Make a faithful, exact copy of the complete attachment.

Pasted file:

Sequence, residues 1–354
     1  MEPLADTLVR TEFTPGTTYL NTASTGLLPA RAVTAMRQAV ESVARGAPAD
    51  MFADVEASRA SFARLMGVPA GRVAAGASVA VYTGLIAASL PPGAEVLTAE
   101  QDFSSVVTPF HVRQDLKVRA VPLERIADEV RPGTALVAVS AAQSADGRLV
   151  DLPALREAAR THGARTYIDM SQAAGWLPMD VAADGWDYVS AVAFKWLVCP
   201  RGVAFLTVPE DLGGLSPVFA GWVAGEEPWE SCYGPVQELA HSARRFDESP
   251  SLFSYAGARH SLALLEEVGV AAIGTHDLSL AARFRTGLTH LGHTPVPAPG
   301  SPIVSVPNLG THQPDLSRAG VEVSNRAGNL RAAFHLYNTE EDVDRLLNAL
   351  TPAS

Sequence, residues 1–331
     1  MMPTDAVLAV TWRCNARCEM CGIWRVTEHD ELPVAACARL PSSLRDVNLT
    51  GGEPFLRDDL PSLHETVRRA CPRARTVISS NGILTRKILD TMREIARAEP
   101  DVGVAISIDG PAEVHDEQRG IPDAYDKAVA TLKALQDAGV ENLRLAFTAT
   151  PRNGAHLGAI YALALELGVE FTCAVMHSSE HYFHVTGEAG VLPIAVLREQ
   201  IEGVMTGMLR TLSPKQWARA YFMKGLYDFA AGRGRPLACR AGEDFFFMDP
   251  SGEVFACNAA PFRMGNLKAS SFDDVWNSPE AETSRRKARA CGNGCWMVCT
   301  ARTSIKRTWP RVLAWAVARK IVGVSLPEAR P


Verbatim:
Sequence, residues 1–354
     1  MEPLADTLVR TEFTPGTTYL NTASTGLLPA RAVTAMRQAV ESVARGAPAD
    51  MFADVEASRA SFARLMGVPA GRVAAGASVA VYTGLIAASL PPGAEVLTAE
   101  QDFSSVVTPF HVRQDLKVRA VPLERIADEV RPGTALVAVS AAQSADGRLV
   151  DLPALREAAR THGARTYIDM SQAAGWLPMD VAADGWDYVS AVAFKWLVCP
   201  RGVAFLTVPE DLGGLSPVFA GWVAGEEPWE SCYGPVQELA HSARRFDESP
   251  SLFSYAGARH SLALLEEVGV AAIGTHDLSL AARFRTGLTH LGHTPVPAPG
   301  SPIVSVPNLG THQPDLSRAG VEVSNRAGNL RAAFHLYNTE EDVDRLLNAL
   351  TPAS

Sequence, residues 1–331
     1  MMPTDAVLAV TWRCNARCEM CGIWRVTEHD ELPVAACARL PSSLRDVNLT
    51  GGEPFLRDDL PSLHETVRRA CPRARTVISS NGILTRKILD TMREIARAEP
   101  DVGVAISIDG PAEVHDEQRG IPDAYDKAVA TLKALQDAGV ENLRLAFTAT
   151  PRNGAHLGAI YALALELGVE FTCAVMHSSE HYFHVTGEAG VLPIAVLREQ
   201  IEGVMTGMLR TLSPKQWARA YFMKGLYDFA AGRGRPLACR AGEDFFFMDP
   251  SGEVFACNAA PFRMGNLKAS SFDDVWNSPE AETSRRKARA CGNGCWMVCT
   301  ARTSIKRTWP RVLAWAVARK IVGVSLPEAR P